The change in definition is meaningful because it changes the initial reaction to symptoms of a stroke. Instead of debating whether or not this is enough to warrant a visit to the ER, there is a greater push to seek professional care. After all, grandma needs a brain scan anyway. Because when a patient has a stroke or is suspected to have a stroke, this is our biggest enemy.

Related: Neuroplasticity and Recovering from Stroke


Delays in Care


A review of several studies, done in 2019, showed that around a third of patients with mini stroke delayed consultation with a healthcare professional by more than 24 hours. Those who did see someone within the day often recognized that this was possibly a stroke. This may also be because most of those who consulted immediately had difficulty moving a part of their body. Thankfully, these were also the people who have a higher risk of stroke following that event.[4]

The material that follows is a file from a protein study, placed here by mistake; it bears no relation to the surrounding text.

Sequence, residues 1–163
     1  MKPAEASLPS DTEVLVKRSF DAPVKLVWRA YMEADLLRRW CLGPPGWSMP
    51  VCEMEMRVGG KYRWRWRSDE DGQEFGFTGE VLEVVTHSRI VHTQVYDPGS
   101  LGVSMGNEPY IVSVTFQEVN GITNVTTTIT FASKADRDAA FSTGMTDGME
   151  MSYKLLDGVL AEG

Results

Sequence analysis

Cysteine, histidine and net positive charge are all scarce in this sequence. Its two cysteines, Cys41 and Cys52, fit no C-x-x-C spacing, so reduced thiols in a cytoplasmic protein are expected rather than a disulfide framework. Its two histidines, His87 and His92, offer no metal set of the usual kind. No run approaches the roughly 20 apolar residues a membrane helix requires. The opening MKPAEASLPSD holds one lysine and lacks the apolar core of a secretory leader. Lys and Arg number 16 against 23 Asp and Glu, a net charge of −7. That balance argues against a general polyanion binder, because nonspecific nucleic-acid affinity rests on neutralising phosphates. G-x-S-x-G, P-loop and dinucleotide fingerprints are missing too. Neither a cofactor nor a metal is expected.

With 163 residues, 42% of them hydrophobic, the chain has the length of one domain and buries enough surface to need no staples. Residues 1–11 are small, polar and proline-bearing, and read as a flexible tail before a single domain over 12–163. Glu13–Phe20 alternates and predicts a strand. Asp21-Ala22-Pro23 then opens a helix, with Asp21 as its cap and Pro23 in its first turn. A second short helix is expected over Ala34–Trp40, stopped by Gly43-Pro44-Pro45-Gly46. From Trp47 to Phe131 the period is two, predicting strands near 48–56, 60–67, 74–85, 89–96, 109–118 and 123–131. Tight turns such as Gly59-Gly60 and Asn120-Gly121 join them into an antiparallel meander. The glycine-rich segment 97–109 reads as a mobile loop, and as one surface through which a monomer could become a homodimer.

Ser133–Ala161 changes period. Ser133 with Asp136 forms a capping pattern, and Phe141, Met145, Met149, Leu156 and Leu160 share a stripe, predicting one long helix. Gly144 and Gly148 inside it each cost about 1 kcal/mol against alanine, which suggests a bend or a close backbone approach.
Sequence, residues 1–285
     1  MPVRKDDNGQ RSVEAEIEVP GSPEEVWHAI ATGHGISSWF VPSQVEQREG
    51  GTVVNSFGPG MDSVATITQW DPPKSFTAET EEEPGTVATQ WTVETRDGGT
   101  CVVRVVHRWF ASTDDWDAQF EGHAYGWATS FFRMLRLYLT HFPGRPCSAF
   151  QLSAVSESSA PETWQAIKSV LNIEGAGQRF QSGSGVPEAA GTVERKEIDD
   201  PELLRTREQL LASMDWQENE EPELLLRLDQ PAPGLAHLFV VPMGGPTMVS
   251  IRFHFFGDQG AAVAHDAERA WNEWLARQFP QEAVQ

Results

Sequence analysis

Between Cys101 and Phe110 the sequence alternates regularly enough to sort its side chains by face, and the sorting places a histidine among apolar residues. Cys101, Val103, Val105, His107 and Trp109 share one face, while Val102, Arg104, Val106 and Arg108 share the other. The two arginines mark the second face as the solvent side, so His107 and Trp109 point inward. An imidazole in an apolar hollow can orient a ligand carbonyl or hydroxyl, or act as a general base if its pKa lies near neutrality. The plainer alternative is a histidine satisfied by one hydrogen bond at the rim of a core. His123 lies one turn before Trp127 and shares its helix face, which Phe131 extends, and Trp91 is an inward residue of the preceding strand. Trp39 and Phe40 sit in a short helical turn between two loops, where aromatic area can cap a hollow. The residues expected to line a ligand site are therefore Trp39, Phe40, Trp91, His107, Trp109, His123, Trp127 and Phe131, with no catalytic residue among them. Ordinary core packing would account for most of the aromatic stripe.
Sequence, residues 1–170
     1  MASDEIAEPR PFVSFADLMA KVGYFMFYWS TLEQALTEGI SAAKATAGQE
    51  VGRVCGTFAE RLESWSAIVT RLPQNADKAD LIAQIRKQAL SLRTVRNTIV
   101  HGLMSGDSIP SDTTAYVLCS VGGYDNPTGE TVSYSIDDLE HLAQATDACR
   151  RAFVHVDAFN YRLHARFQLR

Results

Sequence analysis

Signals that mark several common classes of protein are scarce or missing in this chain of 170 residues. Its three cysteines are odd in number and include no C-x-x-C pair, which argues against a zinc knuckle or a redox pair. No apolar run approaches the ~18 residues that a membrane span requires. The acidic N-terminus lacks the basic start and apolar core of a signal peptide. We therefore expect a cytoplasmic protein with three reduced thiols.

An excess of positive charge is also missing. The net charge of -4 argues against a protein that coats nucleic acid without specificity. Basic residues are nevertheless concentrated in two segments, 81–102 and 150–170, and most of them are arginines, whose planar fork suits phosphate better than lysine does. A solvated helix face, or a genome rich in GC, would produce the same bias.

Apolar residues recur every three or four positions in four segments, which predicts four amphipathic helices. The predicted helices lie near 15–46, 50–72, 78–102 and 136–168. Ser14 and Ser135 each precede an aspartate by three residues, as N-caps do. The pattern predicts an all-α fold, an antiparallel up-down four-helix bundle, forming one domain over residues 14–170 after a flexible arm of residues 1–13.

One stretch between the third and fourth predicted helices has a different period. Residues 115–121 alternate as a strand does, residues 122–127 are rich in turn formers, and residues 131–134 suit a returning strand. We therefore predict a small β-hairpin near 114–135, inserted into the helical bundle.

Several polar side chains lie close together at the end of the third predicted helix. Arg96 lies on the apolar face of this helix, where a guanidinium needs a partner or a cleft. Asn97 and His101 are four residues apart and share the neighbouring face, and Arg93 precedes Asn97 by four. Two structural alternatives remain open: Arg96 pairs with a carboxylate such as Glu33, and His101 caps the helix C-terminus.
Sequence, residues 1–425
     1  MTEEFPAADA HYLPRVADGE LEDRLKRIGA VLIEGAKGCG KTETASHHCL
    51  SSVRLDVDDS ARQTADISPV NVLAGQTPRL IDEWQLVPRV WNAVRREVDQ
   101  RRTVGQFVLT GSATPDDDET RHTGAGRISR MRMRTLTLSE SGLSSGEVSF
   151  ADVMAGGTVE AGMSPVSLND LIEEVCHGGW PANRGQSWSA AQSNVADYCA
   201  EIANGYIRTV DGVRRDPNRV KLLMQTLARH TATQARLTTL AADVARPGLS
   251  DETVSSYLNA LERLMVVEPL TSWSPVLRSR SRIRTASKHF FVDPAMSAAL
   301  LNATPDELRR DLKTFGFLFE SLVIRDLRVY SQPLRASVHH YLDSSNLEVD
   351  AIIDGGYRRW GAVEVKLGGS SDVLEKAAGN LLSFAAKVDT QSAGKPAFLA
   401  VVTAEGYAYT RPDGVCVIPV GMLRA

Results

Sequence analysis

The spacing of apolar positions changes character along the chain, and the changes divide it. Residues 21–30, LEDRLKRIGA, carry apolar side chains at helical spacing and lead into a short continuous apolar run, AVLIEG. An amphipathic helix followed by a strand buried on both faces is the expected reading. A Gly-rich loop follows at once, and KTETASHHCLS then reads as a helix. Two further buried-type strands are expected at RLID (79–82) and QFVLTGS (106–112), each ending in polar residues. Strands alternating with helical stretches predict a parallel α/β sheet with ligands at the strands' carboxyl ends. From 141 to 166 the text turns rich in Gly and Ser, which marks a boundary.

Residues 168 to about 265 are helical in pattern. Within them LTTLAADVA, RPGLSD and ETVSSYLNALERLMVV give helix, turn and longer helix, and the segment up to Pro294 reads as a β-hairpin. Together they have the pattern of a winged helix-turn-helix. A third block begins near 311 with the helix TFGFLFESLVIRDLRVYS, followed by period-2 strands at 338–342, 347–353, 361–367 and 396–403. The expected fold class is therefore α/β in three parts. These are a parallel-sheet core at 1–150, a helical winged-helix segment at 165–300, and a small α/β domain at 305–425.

Did you catch that?


See, a mini stroke is not just a milder version of a medical emergency. It is also an omen that something worse may happen if things continue as they are. A mini stroke does not increase the risk of having a stroke only in some distant future. The risk is actually much higher just a few days after a mini stroke episode, with as much as half happening within 2 days of an episode. The risk of a cardiac event such as a heart attack also increases after having a mini stroke.[3]


So, what do you do when grandma says that she feels better and that she doesn’t want to be a bother to anyone at Sunday dinner?


Perhaps, the safest bet is still to bring grandma to the nearest stroke-ready hospital. Especially if the symptoms do not resolve immediately-- because that might not be a simple mini stroke.